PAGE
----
In a recent letter to The Wall Street Journal, President George W. Bush's chief economic adviser, Larry Lindsey, said, "The economy needs speedy enactment of the president's (stimulus) plan to encourage both investment and consumption." I respectfully disagree. The economy requires no "stimulus" from government; what it needs is for government to cease and desist harmful policies that turned a vibrant and thriving economy into a basket case.
Reluctantly, I have come to the conclusion the neither the administration nor the Congress has developed an economic battle plan that is commensurate with the problems and challenges we are experiencing. And while I'm an enthusiastic supporter of the president's battle plan against terrorism and reluctant to criticize, I believe Lindsey, as an administration spokesmen, is sending confusing and contradictory signals to the Congress and the American public about the state of our economy.
Our current economic problems are neither the result of the "normal operation of the business cycle" nor the aftermath of a "burst bubble." My best reading of the economic data is that we are in a deflationary recession inadvertently created by the Federal Reserve Board and exacerbated by a tax code so anti-growth that, in Treasury Secretary Paul O'Neill's words, it is "unworthy of an advanced civilization." The attack of Sept. 11 further traumatized an already staggering economy.
Contrary to wishful thinking among many pundits and some government officials, the economy was not on the mend before Sept. 11, and the main obstacle to economic revival is not a collapse in consumer confidence brought about by the attack. And with all due respect to Fed Chairman Alan Greenspan and former Treasury Secretary Robert Rubin, I disagree with their view that cutting tax rates is risky and that an increase in long-term interest rates poses a serious constraint on how much tax rates can be reduced to restore incentives to work, save and invest. They sound like Al Gore.
The empirical evidence clearly disproves any notion that cutting income tax rates "too much," including the capital gains tax rate, will raise long-term interest rates. In our $10 trillion economy and a global capital market with daily transactions on the order of $2 trillion in which long-term interest rates are set, even a $200 or $300 billion annual reduction in revenues would have no discernible effect on interest rates. Tax rates should be cut broadly and deeply immediately, not to "jump-start" the economy with "fiscal stimulus" or to "put money in consumers' pockets," but rather to remove the huge disincentives to work, save and invest produced by taxing income four and five times at high rate as we do currently.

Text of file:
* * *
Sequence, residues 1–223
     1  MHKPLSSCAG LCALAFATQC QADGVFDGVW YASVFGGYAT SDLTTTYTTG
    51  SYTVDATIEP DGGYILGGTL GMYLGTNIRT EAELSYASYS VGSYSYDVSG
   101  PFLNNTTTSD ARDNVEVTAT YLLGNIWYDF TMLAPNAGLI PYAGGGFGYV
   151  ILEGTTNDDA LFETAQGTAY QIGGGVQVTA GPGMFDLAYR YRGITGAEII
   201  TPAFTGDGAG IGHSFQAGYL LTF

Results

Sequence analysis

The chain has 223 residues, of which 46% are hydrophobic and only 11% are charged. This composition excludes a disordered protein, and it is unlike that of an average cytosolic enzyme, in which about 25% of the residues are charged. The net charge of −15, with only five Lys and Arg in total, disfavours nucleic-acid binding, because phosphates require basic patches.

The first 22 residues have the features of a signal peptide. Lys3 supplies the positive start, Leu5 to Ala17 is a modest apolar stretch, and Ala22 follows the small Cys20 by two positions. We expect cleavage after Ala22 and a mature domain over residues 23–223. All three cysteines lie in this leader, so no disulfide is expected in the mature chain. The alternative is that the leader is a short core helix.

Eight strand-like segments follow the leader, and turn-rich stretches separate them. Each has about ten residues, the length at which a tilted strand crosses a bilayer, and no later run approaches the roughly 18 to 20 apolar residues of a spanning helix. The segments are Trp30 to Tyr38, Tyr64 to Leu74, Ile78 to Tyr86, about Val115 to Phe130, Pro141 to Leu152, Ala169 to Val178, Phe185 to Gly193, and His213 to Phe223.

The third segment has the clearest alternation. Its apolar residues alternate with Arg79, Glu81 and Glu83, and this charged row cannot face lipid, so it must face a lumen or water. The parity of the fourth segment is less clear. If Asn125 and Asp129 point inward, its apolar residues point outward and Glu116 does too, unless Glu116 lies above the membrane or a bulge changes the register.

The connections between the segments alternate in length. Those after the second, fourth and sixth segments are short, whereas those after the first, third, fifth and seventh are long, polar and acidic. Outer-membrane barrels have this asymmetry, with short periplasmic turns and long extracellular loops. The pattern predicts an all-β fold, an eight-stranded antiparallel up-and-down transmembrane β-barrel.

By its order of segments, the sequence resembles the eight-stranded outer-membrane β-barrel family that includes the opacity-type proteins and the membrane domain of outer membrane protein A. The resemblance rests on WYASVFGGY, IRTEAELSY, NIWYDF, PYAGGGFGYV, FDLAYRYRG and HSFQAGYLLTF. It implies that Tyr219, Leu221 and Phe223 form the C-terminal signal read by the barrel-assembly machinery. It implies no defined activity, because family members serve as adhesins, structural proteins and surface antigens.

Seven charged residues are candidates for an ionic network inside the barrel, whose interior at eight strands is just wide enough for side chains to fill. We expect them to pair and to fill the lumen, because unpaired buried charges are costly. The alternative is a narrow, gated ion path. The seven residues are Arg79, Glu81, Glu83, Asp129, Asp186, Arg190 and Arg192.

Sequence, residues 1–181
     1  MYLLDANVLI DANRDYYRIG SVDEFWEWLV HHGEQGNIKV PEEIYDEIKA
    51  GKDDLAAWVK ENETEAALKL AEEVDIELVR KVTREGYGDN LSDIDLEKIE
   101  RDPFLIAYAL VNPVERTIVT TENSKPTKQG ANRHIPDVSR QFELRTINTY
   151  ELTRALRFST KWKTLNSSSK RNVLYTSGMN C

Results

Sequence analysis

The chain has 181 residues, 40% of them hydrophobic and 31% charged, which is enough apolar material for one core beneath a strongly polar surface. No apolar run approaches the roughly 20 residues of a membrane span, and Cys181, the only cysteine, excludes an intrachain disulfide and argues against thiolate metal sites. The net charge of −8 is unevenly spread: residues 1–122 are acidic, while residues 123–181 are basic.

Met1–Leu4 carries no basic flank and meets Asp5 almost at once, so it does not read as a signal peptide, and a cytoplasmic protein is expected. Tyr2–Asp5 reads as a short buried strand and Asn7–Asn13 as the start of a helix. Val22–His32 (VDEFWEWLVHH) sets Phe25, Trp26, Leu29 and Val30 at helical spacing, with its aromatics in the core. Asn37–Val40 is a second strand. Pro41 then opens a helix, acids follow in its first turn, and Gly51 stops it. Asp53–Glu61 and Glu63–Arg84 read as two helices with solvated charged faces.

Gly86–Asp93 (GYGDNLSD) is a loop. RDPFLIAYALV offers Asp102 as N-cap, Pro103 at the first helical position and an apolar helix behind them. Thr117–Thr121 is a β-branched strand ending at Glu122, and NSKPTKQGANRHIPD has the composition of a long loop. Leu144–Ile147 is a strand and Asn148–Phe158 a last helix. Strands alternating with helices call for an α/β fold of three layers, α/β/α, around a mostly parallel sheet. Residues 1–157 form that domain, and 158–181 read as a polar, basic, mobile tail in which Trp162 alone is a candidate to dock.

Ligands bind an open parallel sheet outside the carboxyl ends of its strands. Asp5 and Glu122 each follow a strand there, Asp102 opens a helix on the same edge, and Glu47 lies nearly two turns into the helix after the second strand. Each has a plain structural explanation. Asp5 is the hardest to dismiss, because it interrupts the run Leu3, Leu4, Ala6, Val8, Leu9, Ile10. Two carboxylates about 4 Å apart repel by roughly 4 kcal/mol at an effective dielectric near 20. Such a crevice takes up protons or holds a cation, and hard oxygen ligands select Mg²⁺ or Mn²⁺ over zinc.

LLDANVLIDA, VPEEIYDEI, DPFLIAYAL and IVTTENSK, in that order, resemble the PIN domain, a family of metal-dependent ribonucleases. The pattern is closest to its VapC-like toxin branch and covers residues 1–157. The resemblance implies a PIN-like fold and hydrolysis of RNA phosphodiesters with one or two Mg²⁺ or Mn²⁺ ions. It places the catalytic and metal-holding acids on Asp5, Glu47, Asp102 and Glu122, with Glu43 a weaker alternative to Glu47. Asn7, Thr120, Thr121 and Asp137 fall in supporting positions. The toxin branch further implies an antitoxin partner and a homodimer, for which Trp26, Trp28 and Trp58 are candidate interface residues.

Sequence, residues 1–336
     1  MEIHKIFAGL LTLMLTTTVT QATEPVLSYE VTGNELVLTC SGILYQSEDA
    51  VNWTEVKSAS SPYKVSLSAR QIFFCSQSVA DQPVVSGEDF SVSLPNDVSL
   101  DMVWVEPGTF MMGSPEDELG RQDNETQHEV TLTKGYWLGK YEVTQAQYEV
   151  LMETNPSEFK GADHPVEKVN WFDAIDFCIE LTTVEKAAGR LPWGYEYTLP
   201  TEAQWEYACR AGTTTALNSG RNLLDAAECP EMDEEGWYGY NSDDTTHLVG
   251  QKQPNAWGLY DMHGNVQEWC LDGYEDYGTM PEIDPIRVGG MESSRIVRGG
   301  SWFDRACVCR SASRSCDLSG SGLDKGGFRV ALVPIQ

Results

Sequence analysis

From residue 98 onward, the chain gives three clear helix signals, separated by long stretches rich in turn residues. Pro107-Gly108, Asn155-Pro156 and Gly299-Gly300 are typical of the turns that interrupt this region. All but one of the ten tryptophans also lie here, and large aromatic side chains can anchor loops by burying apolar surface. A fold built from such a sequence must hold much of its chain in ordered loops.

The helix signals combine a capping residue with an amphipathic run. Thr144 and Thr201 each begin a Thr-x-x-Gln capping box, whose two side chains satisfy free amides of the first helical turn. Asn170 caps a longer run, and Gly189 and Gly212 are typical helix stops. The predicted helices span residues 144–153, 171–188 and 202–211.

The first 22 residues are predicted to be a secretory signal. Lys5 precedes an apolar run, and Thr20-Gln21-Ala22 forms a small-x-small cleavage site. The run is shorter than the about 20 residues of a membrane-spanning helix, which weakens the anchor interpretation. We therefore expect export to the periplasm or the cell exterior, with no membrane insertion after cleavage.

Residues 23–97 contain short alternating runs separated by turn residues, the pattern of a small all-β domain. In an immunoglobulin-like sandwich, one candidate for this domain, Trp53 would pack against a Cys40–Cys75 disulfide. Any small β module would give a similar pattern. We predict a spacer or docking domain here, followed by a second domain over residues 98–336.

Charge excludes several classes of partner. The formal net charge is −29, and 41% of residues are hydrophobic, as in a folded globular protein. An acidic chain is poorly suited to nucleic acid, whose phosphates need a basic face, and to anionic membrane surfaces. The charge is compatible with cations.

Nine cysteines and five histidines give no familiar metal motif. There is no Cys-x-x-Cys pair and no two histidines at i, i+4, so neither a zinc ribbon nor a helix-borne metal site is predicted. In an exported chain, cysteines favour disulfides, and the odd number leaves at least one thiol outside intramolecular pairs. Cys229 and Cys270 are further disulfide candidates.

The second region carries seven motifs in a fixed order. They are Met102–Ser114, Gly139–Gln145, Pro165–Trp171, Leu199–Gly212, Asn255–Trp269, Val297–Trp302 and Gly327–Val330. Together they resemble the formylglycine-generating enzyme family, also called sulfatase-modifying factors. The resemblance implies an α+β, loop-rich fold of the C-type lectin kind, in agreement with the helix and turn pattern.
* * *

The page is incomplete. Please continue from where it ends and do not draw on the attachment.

The president's so-called stimulus package outlined on Oct. 5 suggested some very desirable tax policy changes; however, it omitted the most powerful of all incremental tax reforms -- a capital gains tax rate reduction. It also fell far short of the kind of comprehensive economic strategy that is required in these unusual and perilous times.
Our laudable war effort will be significantly hampered if the economy does not resume growing at least as fast as it has grown on average since the end of World War II, about 3.2 percent a year. With the right policies, we can grow even stronger and faster.
I am concerned that none of the tax packages currently under consideration will be sufficient by themselves to restore even the average rate of economic growth. Not only do they provide inadequate incentives to work, save and invest, the preoccupation with cutting taxes to put money in consumers' pockets is distracting the nation from the foremost impediment to economic revival, namely deflationary monetary policy by the Fed. Congress and the president must demand an end to deflationary monetary and insist that the Fed replace discretionary monetary policy based on targeting short-term interest rates with monetary policy based upon targeting market price signals. And tax policy needs to concentrate on removing the disincentives to work, save and invest that are endemic to the current tax code. These fundamental reforms cannot be achieved without strong presidential leadership.
I know in a time of war many of the president's advisers are telling him that fundamental economic policy reforms are diversions from the war effort and politically impossible. To the contrary, such reforms are essential to the war effort. I praise Bush for having the independence of mind on foreign policy to transcend powerful conventional wisdom within the administration. The country's security and prosperity depend on his having the same courageous independence of mind where the economy is concerned. Economic policy in wartime is too important to be left to economists and Cabinet secretaries alone.